register.object(my_function_name) # A global function/object
    register.test(my_test_name)       # A test function

You may also define additional extensions, filters, tests and globals via your ``settings.py``::

    JINJA2_FILTERS = (
        'path.to.myfilter',
    )
    JINJA2_TESTS = {
        'test_name': 'path.to.mytest',
    }
    JINJA2_EXTENSIONS = (
        'jinja2.ext.do',
    )


Other things of note
====================

When porting Django functionality, Coffin currently tries to avoid
Django's silent-errors approach, instead opting to be explicit. Django was
discussing the same thing before it's 1.0 release (*), but was constrained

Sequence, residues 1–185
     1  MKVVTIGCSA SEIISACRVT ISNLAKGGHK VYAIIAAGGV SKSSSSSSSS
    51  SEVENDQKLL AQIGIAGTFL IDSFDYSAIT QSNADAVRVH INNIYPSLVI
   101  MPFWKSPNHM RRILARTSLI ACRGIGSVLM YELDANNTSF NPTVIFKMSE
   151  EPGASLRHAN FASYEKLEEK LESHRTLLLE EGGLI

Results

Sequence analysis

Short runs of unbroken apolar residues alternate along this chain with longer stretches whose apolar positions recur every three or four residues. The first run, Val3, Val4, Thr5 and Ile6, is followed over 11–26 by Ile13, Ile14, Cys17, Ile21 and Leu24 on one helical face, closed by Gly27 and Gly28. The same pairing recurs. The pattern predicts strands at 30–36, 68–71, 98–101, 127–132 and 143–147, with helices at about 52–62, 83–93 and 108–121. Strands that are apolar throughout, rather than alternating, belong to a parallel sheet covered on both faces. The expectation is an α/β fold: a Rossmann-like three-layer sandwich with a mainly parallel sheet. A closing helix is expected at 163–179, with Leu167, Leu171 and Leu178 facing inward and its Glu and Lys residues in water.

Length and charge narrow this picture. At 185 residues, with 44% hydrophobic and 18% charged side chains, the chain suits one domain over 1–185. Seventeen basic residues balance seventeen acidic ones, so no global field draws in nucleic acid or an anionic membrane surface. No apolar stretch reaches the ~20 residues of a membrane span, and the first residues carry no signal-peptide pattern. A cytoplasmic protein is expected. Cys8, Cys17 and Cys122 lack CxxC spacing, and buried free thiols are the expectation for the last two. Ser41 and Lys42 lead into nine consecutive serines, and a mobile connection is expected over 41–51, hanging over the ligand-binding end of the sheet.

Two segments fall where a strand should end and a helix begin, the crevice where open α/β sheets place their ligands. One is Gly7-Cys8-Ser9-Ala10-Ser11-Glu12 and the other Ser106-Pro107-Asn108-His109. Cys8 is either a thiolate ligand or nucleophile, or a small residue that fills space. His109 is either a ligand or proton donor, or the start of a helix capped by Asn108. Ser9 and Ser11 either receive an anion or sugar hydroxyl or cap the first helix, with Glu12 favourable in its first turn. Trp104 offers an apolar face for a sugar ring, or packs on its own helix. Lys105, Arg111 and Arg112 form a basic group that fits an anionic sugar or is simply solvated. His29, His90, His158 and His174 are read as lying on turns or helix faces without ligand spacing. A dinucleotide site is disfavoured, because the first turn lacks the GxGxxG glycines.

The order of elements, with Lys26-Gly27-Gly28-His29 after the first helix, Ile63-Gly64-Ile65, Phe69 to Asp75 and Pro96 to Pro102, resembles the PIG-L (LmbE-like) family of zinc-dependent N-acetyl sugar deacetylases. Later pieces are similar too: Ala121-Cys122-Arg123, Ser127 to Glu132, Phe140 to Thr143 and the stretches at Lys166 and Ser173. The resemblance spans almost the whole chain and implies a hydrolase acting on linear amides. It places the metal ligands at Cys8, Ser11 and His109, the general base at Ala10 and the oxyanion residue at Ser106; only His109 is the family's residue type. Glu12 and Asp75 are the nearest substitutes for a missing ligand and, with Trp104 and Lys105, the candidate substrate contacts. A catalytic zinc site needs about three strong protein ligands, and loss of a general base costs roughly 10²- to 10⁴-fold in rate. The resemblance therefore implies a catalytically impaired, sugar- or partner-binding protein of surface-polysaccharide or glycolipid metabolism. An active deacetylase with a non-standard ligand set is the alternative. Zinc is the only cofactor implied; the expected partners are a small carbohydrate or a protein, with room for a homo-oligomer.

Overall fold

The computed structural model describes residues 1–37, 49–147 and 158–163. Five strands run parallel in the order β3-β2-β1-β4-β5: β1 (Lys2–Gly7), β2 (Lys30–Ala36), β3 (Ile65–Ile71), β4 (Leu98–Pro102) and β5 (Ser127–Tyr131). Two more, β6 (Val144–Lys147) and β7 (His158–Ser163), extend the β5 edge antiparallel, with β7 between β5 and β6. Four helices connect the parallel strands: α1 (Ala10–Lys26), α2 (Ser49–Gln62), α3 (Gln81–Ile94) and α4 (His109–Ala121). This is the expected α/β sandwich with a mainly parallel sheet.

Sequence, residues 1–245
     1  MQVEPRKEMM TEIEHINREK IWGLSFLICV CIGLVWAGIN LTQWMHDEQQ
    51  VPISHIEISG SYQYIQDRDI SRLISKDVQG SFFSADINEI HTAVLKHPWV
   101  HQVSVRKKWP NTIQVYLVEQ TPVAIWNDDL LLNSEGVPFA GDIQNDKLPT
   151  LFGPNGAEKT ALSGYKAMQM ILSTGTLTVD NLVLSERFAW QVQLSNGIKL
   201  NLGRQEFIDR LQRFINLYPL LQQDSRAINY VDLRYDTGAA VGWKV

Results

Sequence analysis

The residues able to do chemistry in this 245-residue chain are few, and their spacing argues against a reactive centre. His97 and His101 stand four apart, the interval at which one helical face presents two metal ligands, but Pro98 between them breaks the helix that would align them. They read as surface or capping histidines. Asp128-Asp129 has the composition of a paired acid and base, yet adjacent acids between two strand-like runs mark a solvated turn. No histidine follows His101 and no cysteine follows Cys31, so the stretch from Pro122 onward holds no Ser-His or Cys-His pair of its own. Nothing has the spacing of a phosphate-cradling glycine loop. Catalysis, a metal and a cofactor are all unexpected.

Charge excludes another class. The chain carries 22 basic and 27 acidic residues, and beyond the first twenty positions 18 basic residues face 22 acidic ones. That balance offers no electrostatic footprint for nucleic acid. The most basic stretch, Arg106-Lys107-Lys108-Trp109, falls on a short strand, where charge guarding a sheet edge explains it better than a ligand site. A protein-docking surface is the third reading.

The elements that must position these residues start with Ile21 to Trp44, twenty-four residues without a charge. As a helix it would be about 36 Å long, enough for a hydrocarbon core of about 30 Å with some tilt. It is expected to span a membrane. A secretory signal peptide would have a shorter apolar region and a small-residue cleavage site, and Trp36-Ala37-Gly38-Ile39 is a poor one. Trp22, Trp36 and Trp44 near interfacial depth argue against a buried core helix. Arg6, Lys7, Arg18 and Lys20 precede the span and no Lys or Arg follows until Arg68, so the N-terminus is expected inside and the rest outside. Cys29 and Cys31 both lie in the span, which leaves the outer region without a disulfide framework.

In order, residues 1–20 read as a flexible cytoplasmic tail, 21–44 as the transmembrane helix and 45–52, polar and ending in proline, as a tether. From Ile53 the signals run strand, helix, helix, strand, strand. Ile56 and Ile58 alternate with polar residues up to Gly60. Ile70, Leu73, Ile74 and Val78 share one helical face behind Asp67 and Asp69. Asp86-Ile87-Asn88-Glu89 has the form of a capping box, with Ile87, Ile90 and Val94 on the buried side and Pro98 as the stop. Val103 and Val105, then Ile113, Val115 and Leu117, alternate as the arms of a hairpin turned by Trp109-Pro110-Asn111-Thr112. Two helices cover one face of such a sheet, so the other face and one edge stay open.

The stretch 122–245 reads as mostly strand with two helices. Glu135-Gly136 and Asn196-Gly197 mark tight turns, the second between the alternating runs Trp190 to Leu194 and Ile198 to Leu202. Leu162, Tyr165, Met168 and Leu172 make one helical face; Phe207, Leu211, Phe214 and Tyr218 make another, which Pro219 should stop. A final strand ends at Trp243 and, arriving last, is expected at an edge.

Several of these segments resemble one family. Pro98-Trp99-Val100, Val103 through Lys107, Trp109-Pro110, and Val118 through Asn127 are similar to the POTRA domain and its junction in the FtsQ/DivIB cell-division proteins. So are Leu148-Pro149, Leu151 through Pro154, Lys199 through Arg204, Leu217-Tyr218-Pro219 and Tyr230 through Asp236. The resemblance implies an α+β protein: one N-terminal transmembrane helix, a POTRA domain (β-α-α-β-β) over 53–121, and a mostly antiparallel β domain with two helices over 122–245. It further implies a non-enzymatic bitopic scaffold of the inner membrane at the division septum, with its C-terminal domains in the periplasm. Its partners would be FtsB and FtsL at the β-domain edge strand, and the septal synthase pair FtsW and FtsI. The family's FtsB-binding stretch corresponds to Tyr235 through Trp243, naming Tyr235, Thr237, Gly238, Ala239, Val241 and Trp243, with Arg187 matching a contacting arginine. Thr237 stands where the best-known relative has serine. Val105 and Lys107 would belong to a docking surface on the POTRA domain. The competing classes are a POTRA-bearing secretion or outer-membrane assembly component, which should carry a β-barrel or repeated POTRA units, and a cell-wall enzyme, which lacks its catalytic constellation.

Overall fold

by backwards-compatibility  concerns. However, if you are converting your
templates anyway, it might be a good opportunity for this change.

(*) http://groups.google.com/group/django-developers/browse_thread/thread/f323338045ac2e5e

``coffin.template.loader`` is a port of ``django.template.loader`` and
comes with a Jinja2-enabled version of ``get_template()``.

``coffin.template.Template`` is a Jinja2-Template that supports the
Django render interface (being passed an instance of Context), and uses
Coffin's global Jinja2 environment.

``coffin.interop`` exposes functionality to manually convert Django
filters to Jinja2 and vice-versa. This is also what Coffin's ``Library``
object uses.

A Jinja2-enabled version of ``add_to_builtins`` can be found in the
``django.template`` namespace.

You may specify additional arguments to send to the ``Environment`` via ``JINJA2_ENVIRONMENT_OPTIONS``::

    from jinja2 import StrictUndefined
    JINJA2_ENVIRONMENT_OPTIONS = {
        'autoescape': False,
        'undefined': StrictUndefined,
    }

Things not supported by Coffin
==============================